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Pomona school board approves visual and performing arts plan

by Inland Valley Daily Bulletin

POMONA – These may be financially difficult times but the visual and performing arts have a role to play in education.

Pomona Unified School District school board members solidified their commitment to arts education when they approved a visual and performing arts education plan Wednesday night.

The plan provides a road map for developing and maintaining arts components in Pomona Unified schools from kindergarten through the end of high school.

“It gives us permission again to be creative and playful,” Vicki Tessier, visual and performing arts teacher specialist for Pomona Unified, said Wednesday.

Work to develop the plan began in 2007 with the assistance of Arts for All, Los Angeles County’s arts education network, which was established by the Los Angeles County Board of Supervisors, and the involvement of local artists and members of the community, she said.

After studying the needs of the district’s students a detailed draft plan was created that included possible grants and sources of funding for initiatives the document included.

Then the economic downturn arrived.

“We had the most beautiful plan in the world but 75 percent of the funding sources were no longer there,” Tessier said. “The timing was way off fiscally.”

District officials, like those in other districts, also found themselves in a budget crisis and their focus went to the district’s finances.

As the city began working on a cultural plan for the city that sparked interest in the district’s art plan again and the county offered assistance in updating the plan, Tessier said.

The new draft approved this week is in-line with the current conditions and gives schools the flexibility to bring the arts to their campuses in a way that meets their needs, Tessier said.

This will be an opportunity for schools to start arts programing and for those that already have programs a chance to build them up, she said.

Having the plan will not present a financial burden on the district, Tessier said.

The plan will make the district eligible for public and private grants and funding sources that it wouldn’t be able to access without one.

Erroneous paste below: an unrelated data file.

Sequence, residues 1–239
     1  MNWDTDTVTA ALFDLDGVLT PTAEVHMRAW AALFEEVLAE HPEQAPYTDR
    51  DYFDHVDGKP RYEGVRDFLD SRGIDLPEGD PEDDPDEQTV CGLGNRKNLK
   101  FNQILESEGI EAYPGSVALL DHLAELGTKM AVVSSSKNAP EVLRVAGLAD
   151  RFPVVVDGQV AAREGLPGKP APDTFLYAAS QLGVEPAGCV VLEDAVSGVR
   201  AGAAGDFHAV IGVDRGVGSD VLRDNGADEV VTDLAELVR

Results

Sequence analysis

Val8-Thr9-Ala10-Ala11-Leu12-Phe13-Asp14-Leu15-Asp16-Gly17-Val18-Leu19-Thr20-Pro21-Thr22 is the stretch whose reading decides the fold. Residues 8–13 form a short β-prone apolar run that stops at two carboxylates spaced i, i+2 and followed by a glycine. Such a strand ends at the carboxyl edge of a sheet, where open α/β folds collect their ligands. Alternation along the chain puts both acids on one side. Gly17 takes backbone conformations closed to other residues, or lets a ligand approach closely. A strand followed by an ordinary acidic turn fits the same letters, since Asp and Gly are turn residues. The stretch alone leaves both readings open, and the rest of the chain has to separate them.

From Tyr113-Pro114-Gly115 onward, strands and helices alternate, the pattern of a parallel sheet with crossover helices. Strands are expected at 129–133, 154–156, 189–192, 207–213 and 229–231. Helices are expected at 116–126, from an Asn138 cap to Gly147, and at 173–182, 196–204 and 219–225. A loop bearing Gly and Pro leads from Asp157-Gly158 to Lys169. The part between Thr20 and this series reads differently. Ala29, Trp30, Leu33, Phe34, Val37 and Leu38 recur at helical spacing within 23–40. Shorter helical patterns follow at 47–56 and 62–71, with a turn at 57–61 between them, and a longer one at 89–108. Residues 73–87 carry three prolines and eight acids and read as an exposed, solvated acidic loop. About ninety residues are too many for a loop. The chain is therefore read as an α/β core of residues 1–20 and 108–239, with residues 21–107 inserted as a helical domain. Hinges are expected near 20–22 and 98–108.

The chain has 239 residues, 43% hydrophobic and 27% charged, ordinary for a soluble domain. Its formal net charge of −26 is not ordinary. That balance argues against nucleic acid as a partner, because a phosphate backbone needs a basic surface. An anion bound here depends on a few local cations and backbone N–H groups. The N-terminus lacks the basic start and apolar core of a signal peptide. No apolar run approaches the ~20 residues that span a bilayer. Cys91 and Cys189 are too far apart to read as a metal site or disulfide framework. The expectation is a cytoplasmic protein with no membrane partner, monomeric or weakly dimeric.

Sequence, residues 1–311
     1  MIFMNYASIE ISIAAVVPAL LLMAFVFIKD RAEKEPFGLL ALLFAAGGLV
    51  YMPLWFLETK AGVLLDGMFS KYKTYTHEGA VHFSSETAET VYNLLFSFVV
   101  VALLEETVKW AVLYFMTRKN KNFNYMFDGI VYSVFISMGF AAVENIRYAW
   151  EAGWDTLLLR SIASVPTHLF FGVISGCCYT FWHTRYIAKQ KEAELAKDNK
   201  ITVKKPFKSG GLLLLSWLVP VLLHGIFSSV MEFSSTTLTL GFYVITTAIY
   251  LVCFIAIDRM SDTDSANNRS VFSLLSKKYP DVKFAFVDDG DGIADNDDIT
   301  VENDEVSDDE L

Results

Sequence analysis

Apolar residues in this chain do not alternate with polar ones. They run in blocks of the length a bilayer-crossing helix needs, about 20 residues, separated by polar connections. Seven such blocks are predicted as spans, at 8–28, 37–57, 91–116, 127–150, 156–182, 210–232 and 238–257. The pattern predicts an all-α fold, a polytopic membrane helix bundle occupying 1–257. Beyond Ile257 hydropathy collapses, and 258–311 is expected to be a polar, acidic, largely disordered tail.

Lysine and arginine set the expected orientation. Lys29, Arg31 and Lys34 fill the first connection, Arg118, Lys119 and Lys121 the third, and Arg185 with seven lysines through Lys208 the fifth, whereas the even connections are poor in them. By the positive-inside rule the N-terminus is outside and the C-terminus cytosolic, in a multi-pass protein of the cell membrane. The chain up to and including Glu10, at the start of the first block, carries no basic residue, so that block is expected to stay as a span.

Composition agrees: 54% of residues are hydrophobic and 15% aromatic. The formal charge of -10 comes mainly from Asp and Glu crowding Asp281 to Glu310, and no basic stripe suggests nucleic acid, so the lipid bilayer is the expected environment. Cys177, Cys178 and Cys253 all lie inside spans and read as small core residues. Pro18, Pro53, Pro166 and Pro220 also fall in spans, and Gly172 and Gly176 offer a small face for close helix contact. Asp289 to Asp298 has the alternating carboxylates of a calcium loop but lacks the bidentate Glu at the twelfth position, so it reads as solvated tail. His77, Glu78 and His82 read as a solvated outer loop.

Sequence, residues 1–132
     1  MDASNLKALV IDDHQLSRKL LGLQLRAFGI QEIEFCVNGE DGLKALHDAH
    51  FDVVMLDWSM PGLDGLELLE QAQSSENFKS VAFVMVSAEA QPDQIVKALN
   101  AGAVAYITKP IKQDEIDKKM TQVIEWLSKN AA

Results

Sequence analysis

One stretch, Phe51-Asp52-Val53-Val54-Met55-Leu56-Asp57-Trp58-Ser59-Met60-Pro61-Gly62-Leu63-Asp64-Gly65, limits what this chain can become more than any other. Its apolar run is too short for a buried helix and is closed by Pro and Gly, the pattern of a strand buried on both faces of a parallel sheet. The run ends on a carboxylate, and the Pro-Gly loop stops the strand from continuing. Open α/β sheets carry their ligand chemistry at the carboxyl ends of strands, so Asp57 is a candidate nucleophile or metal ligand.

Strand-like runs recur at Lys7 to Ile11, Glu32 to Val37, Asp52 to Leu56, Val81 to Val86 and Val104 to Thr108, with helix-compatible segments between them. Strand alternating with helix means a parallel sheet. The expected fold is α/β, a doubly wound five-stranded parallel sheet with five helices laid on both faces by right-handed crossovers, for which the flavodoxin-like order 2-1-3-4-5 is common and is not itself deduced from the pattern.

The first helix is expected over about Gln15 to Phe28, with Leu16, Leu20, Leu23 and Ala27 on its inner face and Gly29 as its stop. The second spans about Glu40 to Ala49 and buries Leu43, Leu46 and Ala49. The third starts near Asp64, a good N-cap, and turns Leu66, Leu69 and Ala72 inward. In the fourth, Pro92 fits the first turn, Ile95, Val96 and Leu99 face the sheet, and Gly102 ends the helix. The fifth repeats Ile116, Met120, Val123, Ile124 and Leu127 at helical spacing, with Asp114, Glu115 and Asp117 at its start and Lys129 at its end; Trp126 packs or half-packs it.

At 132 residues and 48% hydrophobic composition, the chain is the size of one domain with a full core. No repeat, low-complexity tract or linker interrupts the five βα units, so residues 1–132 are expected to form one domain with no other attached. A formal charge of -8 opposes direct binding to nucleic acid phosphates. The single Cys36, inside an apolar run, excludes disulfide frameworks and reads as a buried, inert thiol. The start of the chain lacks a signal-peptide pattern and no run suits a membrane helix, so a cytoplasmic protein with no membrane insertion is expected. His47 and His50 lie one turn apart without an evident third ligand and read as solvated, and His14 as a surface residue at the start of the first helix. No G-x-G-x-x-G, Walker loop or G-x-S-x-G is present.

Forty-four Los Angeles County school districts have Arts for All plans, said Ayanna Hudson, director of Arts for All and director of arts education at the county Arts Commission.

Through the county program, districts can access resources including matching grant opportunities, professional development, assessment tools and assistance locating visual and performing artists that can work with teachers and students in schools, Hudson said.

Having a school district plan is significant, because “by having a plan you are creating a community launch point,” she said.

It establishes a map leading to having a quality arts instruction in schools, Hudson said.

School board member Roberta Perlman said having the involvement and collaboration of city residents and district representatives to develop the plan is noteworthy.

“We need to do more of that,” Perlman said.

School board members are committed to protecting the arts.

“Arts are just as important as math or social studies,” she said adding the arts can and do play a role in helping a student master academics and in building up students’ confidence.

School board member Richard Rodriguez said the arts give students a means to express themselves.

Having a plan “can only help our program. I hope (the plan) will strengthen it,” he said.

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